Food Intolerance & Allergies
Cats can have an intolerance to certain ingredients or allergies that trigger problems in the GI tract. If you notice your cat is struggling to digest certain foods without getting sick, try to omit them from your cat’s diet. Consistent vomiting, gas, abdominal pain and diarrhea can cause significant discomfort and insufficient nutrient absorption.

3 Ways to Promote Healthy Digestion in Your Cat

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Here are three ways to improve and support your feline’s digestive health.

1. Diet & Nutrition
Cats thrive on meat-focused diets. Limit your cat’s intake of unnecessary carbohydrates like rice and potatoes. These foods are particularly inflammatory. You can also promote better nutrition for your cat with pre and probiotics, which are integral to a healthy diet.

One of the best ways to support your cat’s digestive health is with the right food. If you’re looking to improve your cat’s diet, consider products that are minimally processed and designed to promote cats’ overall health and well-being.

2. Healthcare
The digestive process starts in a cat’s mouth, so pay close attention to their dental hygiene. If oral bacteria grow too abundant, it can lead to chronic inflammation in the gut. Regular brushing, dental toys or treats and regular vet check-ups can help maintain healthy oral hygiene.

On the other hand, antibiotics can lead to the loss of healthy bacteria and a microbiome imbalance in the gut. When antibiotics kill harmful bacteria, they attack beneficial bacteria too. Before giving your pet antibiotics, consult your veterinarian to ensure you’re promoting a healthy balance of digestive bacteria.

3. Lifestyle
As with humans, lifestyle is a significant factor in overall health and well-being. Cats should get plenty of exercise to reduce the chance of obesity and its effects on digestion and the body.

Mental stimulation is important too. Prevent stress with activities that keep cats occupied or ignite their hunting instinct and, if possible, try to encourage outdoor exploration. There are countless benefits, physical and mental, sparked by venturing outdoors.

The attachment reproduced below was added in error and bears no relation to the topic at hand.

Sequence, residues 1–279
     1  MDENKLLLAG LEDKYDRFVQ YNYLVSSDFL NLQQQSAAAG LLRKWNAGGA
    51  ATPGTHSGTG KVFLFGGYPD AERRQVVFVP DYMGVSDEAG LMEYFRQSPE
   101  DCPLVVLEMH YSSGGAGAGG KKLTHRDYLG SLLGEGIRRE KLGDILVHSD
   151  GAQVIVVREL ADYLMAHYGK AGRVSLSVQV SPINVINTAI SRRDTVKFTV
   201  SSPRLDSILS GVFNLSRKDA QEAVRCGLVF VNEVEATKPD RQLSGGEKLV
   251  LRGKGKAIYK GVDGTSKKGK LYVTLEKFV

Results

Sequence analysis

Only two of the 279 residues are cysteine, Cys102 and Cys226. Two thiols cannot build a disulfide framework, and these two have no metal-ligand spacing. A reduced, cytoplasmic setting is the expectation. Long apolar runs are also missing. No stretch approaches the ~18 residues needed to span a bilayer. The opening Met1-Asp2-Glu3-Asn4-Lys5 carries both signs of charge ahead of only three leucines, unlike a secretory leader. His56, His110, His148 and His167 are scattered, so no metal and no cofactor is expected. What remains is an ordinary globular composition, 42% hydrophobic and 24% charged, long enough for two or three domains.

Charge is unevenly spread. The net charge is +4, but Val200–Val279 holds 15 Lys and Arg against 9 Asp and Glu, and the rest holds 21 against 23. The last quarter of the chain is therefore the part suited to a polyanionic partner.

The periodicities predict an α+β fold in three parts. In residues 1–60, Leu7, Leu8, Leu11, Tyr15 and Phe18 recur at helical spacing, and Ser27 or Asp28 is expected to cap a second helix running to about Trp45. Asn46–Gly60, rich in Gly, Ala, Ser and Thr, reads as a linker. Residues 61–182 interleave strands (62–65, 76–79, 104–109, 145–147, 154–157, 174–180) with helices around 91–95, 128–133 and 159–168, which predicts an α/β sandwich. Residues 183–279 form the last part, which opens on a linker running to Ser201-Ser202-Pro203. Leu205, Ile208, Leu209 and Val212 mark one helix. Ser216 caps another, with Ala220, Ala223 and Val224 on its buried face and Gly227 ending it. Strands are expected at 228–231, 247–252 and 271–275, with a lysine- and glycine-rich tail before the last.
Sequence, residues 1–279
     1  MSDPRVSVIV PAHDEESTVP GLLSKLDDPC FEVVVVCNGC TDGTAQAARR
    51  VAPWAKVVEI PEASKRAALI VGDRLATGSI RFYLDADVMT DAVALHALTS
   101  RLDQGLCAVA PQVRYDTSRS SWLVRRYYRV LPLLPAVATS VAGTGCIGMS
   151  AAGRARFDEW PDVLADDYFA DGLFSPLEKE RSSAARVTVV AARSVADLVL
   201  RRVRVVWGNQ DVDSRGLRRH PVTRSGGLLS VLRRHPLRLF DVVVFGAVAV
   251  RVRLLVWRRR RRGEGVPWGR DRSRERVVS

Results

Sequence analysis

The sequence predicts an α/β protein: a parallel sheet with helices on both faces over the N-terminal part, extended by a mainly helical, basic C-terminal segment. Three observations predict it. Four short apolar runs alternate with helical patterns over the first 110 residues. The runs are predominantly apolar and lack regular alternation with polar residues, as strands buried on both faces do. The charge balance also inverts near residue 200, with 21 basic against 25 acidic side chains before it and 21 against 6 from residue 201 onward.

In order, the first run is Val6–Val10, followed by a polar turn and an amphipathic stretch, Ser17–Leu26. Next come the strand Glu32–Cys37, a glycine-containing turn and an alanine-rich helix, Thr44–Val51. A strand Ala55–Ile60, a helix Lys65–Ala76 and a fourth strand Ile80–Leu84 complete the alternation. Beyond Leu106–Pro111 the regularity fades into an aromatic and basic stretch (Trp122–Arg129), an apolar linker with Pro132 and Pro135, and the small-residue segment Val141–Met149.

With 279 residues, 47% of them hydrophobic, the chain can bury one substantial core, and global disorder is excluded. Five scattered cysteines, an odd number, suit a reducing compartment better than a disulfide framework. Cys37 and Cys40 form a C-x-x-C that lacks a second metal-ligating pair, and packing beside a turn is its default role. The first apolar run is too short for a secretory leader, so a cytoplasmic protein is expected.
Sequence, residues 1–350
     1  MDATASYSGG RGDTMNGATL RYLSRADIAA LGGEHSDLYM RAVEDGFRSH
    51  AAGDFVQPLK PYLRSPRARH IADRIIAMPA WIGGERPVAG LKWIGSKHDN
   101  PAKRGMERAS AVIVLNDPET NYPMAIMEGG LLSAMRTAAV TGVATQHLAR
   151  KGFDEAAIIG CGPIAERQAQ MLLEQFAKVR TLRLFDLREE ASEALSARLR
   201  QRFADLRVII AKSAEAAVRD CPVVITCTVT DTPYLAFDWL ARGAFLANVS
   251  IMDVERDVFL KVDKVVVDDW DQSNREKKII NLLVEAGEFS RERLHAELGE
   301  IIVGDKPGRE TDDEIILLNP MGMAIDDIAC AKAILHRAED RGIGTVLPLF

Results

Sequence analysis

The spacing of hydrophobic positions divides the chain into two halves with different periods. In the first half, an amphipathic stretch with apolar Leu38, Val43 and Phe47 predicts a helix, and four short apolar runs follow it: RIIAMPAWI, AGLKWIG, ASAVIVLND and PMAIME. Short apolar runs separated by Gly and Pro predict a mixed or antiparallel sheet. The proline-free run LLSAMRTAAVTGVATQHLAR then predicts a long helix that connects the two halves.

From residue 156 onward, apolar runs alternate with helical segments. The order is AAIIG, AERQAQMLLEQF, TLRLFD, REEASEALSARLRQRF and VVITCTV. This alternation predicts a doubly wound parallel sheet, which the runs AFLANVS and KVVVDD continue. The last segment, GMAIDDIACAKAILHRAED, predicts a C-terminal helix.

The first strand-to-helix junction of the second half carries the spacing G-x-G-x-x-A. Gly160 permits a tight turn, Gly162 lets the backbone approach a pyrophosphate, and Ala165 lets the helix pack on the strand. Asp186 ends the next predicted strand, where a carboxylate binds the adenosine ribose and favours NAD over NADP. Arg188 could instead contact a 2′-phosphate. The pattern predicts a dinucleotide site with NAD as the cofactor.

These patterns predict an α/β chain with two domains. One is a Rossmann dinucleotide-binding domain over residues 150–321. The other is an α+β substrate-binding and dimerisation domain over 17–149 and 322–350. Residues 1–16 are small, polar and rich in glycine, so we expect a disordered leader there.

Now that you understand the digestive system of a cat, you can recognize the signs of poor digestive health and help get your feline back on the right track.

While cats’ sensitive digestive systems are often restored through diet, exercise and perhaps supplementation, don’t hesitate to contact a veterinary professional if you feel a medical intervention is needed.

Remember, good cat digestive health starts with the proper diet and nutrition. If you’re looking for a natural, balanced and complete nutrition source, do your cat a favor and check out RAWZ’s minimally processed options for cats at an independent pet store near you!

Frequently Asked Questions

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Q. How often should you feed your cat?

A. There are many factors that determine the frequency with which you should feed your cat, so we’ve deferred to the experts at Cornell University’s Feline Health Center. Keep the following in mind to best promote digestion and keep your cat in good health.

Age: Kittens, mature and senior cats all require different amounts of food. According to Dr. Francis Kallfelz, James Law Professor Emeritus of Nutrition at Cornell University College of Veterinary Medicine, “Growing kittens up to six months of age may require three meals a day.”

From six months to a year, “most cats will do well when fed two times a day.” And, for adult cats around one year or above, “Feeding once or twice a day is appropriate in most cases.”

Health Status: If your cat has an existing health concern, you will need to feed him or her accordingly. “If your cat suffers from a health problem such as diabetes, you may need to feed him based on when he is administered insulin,” says Dr. Kallfelz.

Another common concern is as your cat ages, their dental hygiene or teeth may make it difficult to eat dry food. If this is the case, “offer them canned food or dry in a finer nugget size.” When determining how to adapt your cat’s feeding habits to their health concerns, it’s always advisable to ask a veterinary professional for guidance.

Consistency is Key: Whether you prefer to feed your cats in the mornings or the evenings, it’s best to find a consistent schedule that suits you and your cat. When developing a selected feeding routine, be honest with yourself regarding the cost and time commitment to be sure it can be maintained over time. “You just need to come up with a plan,” says Dr. Kallfelz, “then keep it consistent.”

Q. What’s a fecal microbiota transplant (FMT)?

A. If a cat suffers from poor digestive health, a vet may prescribe an FMT. This will only be performed after a detailed cat digestive system analysis if the feline isn’t responding to traditional remedies.

The costly procedure is done in a veterinary hospital and consists of transferring gut bacteria from a healthy cat to one with an unhealthy gut biome. FMTs require sedation and can cause cats stress, so they are generally reserved for serious cases only.